Perlstein recommended Mohawk’s safety head guards as an inexpensive solution that can be installed on a two-post lift in seconds. The head guards are simple foam caps designed for easy peel-and-stick application and fit all Mohawk swing arm sliders, preventing technicians from hurting or cutting their heads on the hard, steel arms.

This is just one of numerous recent solutions that make two-post lifts safer, as Price went into detail on some of BendPak’s newer offerings. He mentioned their Automatic Swing Arm Restraint System, which keeps the lift’s four swing arms in place under the vehicle to prevent the vehicle from shifting or sliding off.

“Swing arm restraints themselves aren’t new, but traditional systems have had a difficult time withstanding the excess forces applied to them when lifted vehicles suddenly and unexpectedly shift, usually due to improper loading or the removal/addition of heavy components. This can cause the vehicle to fall,” he said. “[Our design] uses 360 degrees of forged steel teeth to secure the arms in place and withstand an industry-leading 2,000 lbs. of side force, so technicians can work without worry.”

Even though shop equipment continues to become safer as manufacturers look for unique ways to protect techs, as LockNClimb’s Lary pointed out, sometimes adoption takes time.

“Many mechanics have decades of experience using older methods, and it is sometimes a challenge getting them to change from processes that work to processes that work better,” he said. “But once they see their colleagues using them and experience the ladders themselves, they embrace the modern features of safety and workability.”

Protecting the bottom line

As is the case with most other aspects of the CV industry, shop safety equipment is constantly evolving and becoming more efficient. Managers must stay up to date on the most effective products for their shop.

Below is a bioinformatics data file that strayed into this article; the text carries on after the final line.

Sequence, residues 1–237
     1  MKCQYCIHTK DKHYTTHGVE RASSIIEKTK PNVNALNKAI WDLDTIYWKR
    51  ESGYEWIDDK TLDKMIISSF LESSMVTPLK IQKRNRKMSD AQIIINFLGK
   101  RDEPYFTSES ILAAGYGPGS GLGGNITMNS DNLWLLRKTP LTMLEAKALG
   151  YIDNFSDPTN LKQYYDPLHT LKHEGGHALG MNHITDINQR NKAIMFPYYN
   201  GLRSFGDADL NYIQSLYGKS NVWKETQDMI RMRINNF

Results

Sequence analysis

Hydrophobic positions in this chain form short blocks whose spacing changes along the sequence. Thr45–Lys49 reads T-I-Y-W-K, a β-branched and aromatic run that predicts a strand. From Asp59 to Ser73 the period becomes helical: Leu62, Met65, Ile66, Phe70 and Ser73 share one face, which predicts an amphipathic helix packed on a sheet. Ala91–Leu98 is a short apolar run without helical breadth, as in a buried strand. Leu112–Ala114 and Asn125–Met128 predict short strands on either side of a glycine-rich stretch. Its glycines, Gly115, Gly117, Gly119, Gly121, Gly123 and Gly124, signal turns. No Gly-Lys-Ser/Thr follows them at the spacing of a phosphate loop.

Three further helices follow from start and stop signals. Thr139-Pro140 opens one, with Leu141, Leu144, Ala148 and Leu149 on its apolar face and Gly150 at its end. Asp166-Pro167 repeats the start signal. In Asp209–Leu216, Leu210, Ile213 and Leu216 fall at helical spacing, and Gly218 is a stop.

“As a lift manufacturer, technicians are trusting us with their lives every day,” Price noted. “We take that responsibility extremely seriously and are constantly evaluating how our products can help improve productivity and safety on the job.”

While optimizing processes and saving time should be a focus of any shop’s operation, cutting corners where safety is concerned never pays off. Ignoring safety ruins productivity, and having employees out of commission makes a manager’s job harder. By extension, quality safety equipment means more uptime.

“If it’s fast and easy to use, then shortcuts aren’t needed,” Liebetreu said. “If it’s simple to use, then misunderstandings are avoided.”

On the bright side, however, Lary noted that they “find that safety managers are becoming more aware of problems that cause costly repeat accidents and look for ways to prevent them. This is when we get a call, and it is usually urgent. We take great pride in being able to provide solutions to these problems.”  

About the Author

Lucas Roberto

Lucas Roberto is an Associate Editor for Fleet Maintenance magazine. He has written and produced multimedia content over the past few years and is a newcomer to the commercial vehicle industry. He holds a bachelor's in media production and a master's in communication from High Point University in North Carolina.